Time waits for no man (or woman) and in the ten years from 2003-13 there has been some quiet (and not so quiet) revolutions in how we design and fit our homes. In this period we have seen a recession and people tightening their belts for a dose of austerity, but the good thing is that interior design continues to evolve. For example, as more people worked from home, rather than devote a whole bedroom over to an office, the idea of a pocket office came about- a small space within a room, or perhaps even a former built-in wardrobe that could be used for a mini office with lap-top printer and Wi-Fi.
Over this period there was less formality and more ad hoc arrangements when it came to eating, cooking, watching the television. The move was away from having separate rooms for each “function” and having more open spaces, divided into areas that could be adapted as necessary. So for example the formal dining room, which probably gets a work-out four or five times a year, is just dead space for the remaining time. Why not knock it through into the lounge and have a fold down table in the corner with a lampshade on it that can be opened up with chairs from the loft if and when you’re having people over for dinner? Or better still join the kitchen and the dining room to make a larger kitchen with a breakfast bar?
Another trend that’s been seen in the last ten years is to create additional natural light. This could be a window created to give a room a double window aspect, or perhaps a skylight addition. Natural light is good! It’s not cheap, but to get additional sunlight into a room or area is priceless.
As fuel bills seem to be increasing another change that has come about is to drop ceilings and have recessed lighting. I live in a Victorian House and in winter it seems I am just heating the top three feet of the room- while I’m shivering on the sofa! So a suspended ceiling can be economical and also make a room seem cosier.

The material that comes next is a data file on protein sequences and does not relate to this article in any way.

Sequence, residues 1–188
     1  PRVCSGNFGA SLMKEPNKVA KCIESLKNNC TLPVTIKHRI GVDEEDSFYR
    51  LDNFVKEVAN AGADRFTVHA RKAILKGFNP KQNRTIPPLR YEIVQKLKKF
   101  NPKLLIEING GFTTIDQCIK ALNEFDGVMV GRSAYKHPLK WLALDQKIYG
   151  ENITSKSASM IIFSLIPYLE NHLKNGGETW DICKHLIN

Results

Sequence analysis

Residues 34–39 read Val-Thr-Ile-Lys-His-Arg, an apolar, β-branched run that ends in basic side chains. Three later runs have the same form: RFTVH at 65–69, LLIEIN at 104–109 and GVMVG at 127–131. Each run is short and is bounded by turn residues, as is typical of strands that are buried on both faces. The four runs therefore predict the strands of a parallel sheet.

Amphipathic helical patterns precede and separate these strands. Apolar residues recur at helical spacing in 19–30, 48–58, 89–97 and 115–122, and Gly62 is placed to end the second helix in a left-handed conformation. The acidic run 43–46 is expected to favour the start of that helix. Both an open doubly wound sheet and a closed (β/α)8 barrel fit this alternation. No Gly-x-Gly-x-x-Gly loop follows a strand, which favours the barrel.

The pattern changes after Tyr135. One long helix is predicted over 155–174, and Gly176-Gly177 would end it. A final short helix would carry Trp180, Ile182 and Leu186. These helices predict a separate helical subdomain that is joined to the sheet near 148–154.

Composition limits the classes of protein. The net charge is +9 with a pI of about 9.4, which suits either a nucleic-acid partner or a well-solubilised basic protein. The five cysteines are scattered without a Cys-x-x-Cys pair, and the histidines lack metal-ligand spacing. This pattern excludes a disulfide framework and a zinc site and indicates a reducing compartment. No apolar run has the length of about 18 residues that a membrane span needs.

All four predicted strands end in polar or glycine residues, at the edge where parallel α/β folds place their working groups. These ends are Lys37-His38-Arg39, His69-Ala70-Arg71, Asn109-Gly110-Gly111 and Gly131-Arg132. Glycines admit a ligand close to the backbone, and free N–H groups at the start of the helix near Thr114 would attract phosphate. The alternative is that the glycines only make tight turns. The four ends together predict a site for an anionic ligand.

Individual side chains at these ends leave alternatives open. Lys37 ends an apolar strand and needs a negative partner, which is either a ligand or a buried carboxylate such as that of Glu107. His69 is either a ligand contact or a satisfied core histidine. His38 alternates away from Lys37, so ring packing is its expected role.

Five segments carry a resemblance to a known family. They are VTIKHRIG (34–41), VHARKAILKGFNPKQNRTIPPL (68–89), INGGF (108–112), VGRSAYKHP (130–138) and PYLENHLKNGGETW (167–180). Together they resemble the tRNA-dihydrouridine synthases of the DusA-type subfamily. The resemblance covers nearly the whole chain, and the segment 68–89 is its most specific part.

If you are lucky to have a laundry room at the back of the house, have you thought about adapting it and using it for your arts and crafts? They tend to be light and you have access to a sink for clearing up. I also find the sound of a washing machine’s cycle quite therapeutic when I’m painting, composing or just reading.
Finally, as we all seem to be busier, many changes are now made to rooms to make them easier to clean. Tiles instead of carpets with all their red wine spillages grief, and decking instead of grass in the garden. Easy-wipe clean work surfaces and cupboard doors can be a god-send, especially if you have children.
Finally many people during this period have tended to utilise their garage space for non-car storage purposes. So it might be a workshop, a mini-gym, a freezer centre or even a music studio. But blow the car- it can stand out there on the drive or in the road!